The journey of learning to read – and continuing to develop as a confident and enthusiastic reader – is often rocky.

However, some people have more serious difficulty with the process than others. In some cases, there are specific reasons why a child is having trouble with reading – and alternative forms of help may be needed.

What are reading difficulties?

Reading difficulties are common, and part of the vast diversity of learning styles and speeds in the classroom. Some children immediately pick up reading skills while for others it takes more time.

Struggling and reluctant readers

The two main sources of worry for parents are children who struggle with reading, and those that are reluctant to read. Both are forms of reading difficulties. Reluctant readers are just not interested in turning the pages of a book. They tend to read well – when they put their mind to it. But most of the time they resist reading.

With these reluctant readers, try switching topics or types of books to engage their interest. Children learn to read with many types of texts – comics, computer game magazines, instructions for model building, non-fiction boos etc

Struggling readers can be slow and find reading a stressful business. They may want to read but find it hard. They struggle to remember the letter sounds or forget frequently used words. Struggling readers can benefit from extra attention to practicing reading and by choosing the right books to help them thrive and enjoy the process.

How is dyslexia different from other reading difficulties?

Dyslexia has a more specialised definition. Dyslexia is defined as a neurodevelopmental condition that affects an individual’s ability to read accurately and fluently. It is primarily characterised by difficulties with phonological processing and reading fluency. It can therefore be understood as a type of reading difficulty, whereas not all reading difficulties can be classified as dyslexia.

In addition, Dyslexia is generally considered to be a Developmental Reading Disorder. That is a type of reading difficulty that is not due to other causes, such as a lack of educational opportunities or brain injury.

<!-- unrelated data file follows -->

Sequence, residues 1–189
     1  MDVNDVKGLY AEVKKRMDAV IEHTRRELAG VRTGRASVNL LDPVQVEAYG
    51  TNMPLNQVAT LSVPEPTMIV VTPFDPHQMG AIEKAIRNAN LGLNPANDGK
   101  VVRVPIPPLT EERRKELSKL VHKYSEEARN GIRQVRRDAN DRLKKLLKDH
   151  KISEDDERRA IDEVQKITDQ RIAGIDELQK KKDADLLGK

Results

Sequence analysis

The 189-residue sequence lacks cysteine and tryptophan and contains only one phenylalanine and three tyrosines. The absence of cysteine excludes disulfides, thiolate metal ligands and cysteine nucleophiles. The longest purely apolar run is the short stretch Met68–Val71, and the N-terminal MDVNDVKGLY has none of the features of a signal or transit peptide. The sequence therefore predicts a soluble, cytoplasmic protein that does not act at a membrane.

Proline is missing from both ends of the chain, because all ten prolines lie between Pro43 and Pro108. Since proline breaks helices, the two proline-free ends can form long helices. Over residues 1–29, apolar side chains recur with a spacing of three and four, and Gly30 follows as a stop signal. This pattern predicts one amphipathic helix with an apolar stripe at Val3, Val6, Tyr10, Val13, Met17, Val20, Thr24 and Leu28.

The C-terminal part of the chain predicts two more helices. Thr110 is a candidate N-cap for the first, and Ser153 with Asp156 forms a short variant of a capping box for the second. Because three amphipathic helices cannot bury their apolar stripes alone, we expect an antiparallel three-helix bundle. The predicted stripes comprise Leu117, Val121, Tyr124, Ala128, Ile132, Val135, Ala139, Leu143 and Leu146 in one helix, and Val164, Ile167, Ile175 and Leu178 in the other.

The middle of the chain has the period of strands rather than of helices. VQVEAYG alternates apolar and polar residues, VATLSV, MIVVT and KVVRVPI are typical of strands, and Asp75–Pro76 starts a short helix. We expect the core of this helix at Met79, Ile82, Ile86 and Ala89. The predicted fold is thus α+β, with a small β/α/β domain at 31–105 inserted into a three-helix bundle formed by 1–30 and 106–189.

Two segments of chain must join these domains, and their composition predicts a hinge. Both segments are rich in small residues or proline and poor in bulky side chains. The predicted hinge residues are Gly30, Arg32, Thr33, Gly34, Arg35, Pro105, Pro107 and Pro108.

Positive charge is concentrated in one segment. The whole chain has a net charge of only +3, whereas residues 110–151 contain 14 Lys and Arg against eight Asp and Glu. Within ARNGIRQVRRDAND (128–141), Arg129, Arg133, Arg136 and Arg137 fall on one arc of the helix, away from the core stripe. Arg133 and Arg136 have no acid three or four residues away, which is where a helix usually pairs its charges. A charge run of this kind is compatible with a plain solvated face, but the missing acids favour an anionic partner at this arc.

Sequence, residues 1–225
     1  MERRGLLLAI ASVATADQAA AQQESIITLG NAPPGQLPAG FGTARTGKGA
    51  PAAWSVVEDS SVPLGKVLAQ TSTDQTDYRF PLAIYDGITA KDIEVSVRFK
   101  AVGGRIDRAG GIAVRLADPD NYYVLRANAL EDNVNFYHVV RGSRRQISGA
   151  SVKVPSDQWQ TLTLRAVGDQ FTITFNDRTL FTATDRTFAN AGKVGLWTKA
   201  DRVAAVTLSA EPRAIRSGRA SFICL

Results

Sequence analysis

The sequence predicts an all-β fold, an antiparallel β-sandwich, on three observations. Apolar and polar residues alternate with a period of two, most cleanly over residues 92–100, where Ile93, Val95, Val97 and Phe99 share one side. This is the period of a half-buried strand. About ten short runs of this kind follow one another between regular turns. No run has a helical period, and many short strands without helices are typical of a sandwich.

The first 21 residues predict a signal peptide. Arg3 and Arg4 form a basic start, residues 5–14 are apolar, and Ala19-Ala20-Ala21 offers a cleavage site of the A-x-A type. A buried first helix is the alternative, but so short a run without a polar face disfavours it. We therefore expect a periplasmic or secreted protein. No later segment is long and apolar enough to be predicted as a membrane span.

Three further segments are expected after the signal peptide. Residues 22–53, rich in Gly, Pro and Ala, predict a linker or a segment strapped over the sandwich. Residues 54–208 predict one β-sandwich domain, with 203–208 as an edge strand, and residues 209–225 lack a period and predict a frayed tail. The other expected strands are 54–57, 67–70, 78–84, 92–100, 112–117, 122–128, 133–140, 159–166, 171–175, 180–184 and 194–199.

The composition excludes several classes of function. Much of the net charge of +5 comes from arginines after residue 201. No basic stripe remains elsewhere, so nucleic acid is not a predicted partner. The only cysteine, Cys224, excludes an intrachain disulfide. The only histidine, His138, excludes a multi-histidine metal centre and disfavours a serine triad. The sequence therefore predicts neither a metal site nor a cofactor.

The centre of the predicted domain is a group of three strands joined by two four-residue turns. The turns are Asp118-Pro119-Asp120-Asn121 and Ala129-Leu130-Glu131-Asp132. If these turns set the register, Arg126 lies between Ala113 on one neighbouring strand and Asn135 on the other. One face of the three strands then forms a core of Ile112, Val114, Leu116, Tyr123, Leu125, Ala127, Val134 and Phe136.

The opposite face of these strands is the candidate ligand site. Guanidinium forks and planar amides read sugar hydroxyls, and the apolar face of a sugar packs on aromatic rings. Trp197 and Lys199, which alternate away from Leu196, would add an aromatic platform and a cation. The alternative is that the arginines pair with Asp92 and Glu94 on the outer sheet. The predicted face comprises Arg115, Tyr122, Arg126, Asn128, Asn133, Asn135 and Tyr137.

Dyslexia symptoms

Signs and symptoms of dyslexia are commonly picked up when a child begins school and focus on reading and writing skills. Every person with dyslexia is unique, but there are shared symptoms in children aged between 5 and 12.

According to the NHS in the UK, dyslexia symptoms include:

  • difficulties with letter names and sounds
  • problems with spelling
  • switching the order of letters and figures
  • slow reading speed
  • slow writing speed
  • handwriting difficulties 
  • experiencing words moving around or blurring while reading
  • struggles with writing things down

Teenagers and adults may display poor organisational skills, difficulties with planning and writing reports, problems with revision skills, poor spelling, difficulty meeting deadlines, and general avoidance of the written word.

Fortunately, both types of learning difficulties benefit from the same methods of remediation, therefore, we feel it is important to address both dyslexia and reading difficulties within the same conversation.

​Most reading difficulties, including dyslexia, can be overcome. If you notice that your child is not reading well, and that they are not performing well at school in comparison to their peers, it would be worth it to discuss it with your child’s teachers as soon as possible. You can start supporting your child at home as well with OUR EDUCATIONAL BOARD GAMES – our mission is to help children who struggle with reading to find confidence in their reading and spelling skills. It’s never too late to start intervention.